Many years before the film When a Stranger Calls (1979), this film offered the premise that the caller was inside the house ("The caller is in the house. The calls are coming from the house. Jess, Jess - GET OUT! And don't go up there!"). The final girl Jess was confronted and pursued by the Killer (and by Peter) through the house and into the basement - where she bludgeoned her boyfriend Peter with a fireplace poker, suspecting that he was the murderer (the film's 'red herring').

With Jess sedated for a number of hours (and unable to be questioned), the police had to wait for the forensic lab group to further search the house's attic and cellar in about an hour ("Don't touch anything until the state lab guys get here"), but the bodies that had been discovered would be taken to the morgue for autopsies and identification by the coroner. It was presumed that Peter was the killer. Jess was left alone, sleeping in her sorority house room, with only one guard outside the house.

The film's final twist was that the killer was still in the attic (where the bodies of Clare and Mrs. Mac were still undiscovered) - the camera panned over to the attic's ladder and trap door, where the killer was heard whispering: "Agnes, its me, Billy!" As the camera slowly panned away from the outside of the house, the phone in the house began to continuously ring during the final credits - a signal that another murder was about to take place!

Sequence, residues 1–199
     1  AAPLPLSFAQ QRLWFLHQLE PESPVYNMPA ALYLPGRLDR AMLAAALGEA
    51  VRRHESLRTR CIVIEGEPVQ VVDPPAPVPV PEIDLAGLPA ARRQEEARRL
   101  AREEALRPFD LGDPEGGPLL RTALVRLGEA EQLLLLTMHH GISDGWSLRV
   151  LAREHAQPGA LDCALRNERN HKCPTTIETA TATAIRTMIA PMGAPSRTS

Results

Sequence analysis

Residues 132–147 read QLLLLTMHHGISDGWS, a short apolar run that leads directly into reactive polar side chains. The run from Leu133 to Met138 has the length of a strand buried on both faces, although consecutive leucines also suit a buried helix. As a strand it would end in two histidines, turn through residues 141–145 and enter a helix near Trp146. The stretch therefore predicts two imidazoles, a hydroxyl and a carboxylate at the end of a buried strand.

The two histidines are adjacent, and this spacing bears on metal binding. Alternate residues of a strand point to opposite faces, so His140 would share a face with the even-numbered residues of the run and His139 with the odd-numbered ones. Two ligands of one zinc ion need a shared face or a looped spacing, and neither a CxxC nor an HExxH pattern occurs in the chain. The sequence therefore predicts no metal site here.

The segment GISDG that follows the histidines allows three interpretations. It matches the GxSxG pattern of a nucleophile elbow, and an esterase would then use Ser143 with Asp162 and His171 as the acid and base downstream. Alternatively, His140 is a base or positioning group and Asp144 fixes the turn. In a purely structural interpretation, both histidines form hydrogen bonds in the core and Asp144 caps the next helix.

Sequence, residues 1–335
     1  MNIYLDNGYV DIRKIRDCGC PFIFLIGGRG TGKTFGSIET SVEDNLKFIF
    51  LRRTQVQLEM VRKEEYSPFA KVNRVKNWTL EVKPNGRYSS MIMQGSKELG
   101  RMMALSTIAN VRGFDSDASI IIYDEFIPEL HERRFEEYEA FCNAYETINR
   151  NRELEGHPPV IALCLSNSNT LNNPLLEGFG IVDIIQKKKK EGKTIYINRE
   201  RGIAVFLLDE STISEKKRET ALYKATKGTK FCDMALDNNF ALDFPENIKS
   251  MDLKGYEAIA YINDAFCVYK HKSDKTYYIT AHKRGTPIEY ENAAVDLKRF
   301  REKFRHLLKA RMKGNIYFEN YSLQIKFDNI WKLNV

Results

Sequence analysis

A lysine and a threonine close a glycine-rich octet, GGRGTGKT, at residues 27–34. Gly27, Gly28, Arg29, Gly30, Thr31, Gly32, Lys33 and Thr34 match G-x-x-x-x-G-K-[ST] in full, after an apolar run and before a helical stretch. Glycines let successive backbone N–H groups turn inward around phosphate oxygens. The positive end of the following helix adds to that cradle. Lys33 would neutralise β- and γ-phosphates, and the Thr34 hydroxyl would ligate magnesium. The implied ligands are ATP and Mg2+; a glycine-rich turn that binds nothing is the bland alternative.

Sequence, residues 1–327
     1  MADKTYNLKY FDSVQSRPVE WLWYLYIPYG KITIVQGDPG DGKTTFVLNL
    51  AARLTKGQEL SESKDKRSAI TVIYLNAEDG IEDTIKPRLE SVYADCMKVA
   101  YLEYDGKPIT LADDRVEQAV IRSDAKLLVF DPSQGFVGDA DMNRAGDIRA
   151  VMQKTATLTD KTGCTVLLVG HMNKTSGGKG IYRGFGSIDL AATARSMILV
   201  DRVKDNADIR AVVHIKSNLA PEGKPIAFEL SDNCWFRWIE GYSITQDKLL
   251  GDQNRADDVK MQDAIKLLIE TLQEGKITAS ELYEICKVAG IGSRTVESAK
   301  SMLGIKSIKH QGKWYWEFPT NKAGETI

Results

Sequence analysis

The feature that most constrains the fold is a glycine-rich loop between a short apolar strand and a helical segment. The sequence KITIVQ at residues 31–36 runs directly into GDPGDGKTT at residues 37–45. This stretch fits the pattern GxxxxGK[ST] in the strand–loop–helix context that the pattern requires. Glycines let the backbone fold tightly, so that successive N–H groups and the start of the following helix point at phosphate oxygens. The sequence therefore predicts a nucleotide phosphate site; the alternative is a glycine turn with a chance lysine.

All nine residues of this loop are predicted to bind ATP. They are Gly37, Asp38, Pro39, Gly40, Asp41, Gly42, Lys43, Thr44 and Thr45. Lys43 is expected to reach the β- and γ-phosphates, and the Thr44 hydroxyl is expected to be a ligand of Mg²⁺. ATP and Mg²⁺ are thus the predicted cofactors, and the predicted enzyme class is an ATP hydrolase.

Clare's (Lynne Griffin)
Suffocation Death in Attic


Death of House Mother

Stabbing Death of Barb

The Spying Eye of Jess' Boyfriend Peter (Keir Dullea): "Agnes, its me, Billy! Don't tell what we did!"

Jess (Olivia Hussey) Terrorized in Basement by Peter

Peter Bludgeoned to Death by Jess

Jess Sedated in Her Bedroom

The Last Image: Outside of House

Black Swan (2010)

Mentally Disturbed Nina Stabbed Herself, Not Lily, And Died After Her Performance

In Darren Aronofsky's great psychological thriller, Natalie Portman won the Best Actress Oscar for her portrayal of damaged, fragile, severely repressed and sadomasochistic ballerina dancer Nina Sayers.

Nina was competing for the role of the Swan Queen in an upcoming NYC Lincoln Center performance of Tchaikovsky's Swan Lake. The former prima ballerina and director's lover, Beth Macintyre (Winona Ryder), was forced out and to be replaced with someone younger, after auditions. The troubled but flawless Nina had secured the role of the virginal and pure White Swan (Odette), but was uncertain that she could also adequately perform as the seductive, visceral and dark Black Swan (Odile).

Slowly, she underwent a mental breakdown as she began hallucinating, suffering at the hands of her smothering, infantilizing, overbearing and resentful stage mother Erica (Barbara Hershey), an ex-ballerina herself who resented giving up her career for her daughter. They lived together in a claustrophobic apartment they shared on the Upper West Side.

She found a free-spirited, sexually-confident rival in tattooed, sexy SF dancer Lily (Mila Kunis), her understudy. There were many signs that the unhinged and agonized dancer didn't know the difference between reality and her imagined world: